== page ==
Building a rapport with a learning-disabled, frustrated child or teen starts with tailoring your teaching style to their special needs. ADHD/ADD is a neurological disorder that impacts individuals in four main categories:
- Attention: youth with ADHD/ADD have trouble paying attention and focusing on tasks, especially if they are not interested in them.
- Impulsivity: lack of self-control can cause impulsive behaviors and choices.
- Hyperactivity: many kids and teens with ADHD are “bouncy,” hyperactive, restless and on-the-go.
- Boredom: Unless a task is very stimulating, those with ADHD/ADD often get bored easily.
ARISE lessons are specifically designed for people with difficulty reading, writing and staying focused. All guided group discussions and activities are structured, interactive, to-the-point and easy-to-understand. Forget about boredom and acting out! These dynamic lessons will get even the most reserved students involved and learning about anger management, conflict resolution, job search and interview skills, health and hygiene, nutrition and exercise and much more.
Here are 15 ways to teach and connect with these unique, and often very bright, youth.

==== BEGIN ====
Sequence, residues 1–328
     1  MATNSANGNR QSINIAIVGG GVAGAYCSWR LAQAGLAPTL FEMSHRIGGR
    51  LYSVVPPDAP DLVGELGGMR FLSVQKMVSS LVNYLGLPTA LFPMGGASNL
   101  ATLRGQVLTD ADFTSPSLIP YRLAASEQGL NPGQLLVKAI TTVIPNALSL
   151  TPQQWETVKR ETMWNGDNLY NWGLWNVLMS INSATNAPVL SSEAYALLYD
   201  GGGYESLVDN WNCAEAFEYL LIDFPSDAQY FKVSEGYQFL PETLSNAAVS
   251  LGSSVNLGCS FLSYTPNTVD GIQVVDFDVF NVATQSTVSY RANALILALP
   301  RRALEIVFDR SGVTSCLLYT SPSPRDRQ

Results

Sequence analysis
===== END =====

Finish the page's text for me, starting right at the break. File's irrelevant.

- Give simple one-step directions.
- Give both verbal and written instructions.
- Maintain eye contact when giving instructions.
- Help learners get started on an activity, then encourage them to complete the activity on their own.
- When you ask a question, allow extra time for them to answer.
- Encourage rather than criticize.
- Focus on and praise positive behavior. Catch them doing good things and compliment them immediately. Praise and reinforce ALL good behavior: not interrupting, being patient, remaining seated, cooperating, participating in group activities.
- Be sure they understand that it’s OK to ask for help.
- Have them sit up front with their backs to other learners.
- Let them doodle; it helps them focus and pay attention during quiet activities.
- Hyperactive behaviors when seated are a release for the hyperactivity. It’s best to ignore them unless they are distracting for other learners.
- Use activities that allow and encourage movement. Let the ADHD learner distribute and collect materials or erase the board.
- If reading aloud frustrates them, do not ask them to do it.
- Move closer to them when you want to get their attention.
- Tell them what you want them to do, not just what NOT to do.
For more information, or to order from the ARISE curricula, please visit
http://www.ariselife-skills.org or call 1 (888) 680-6100.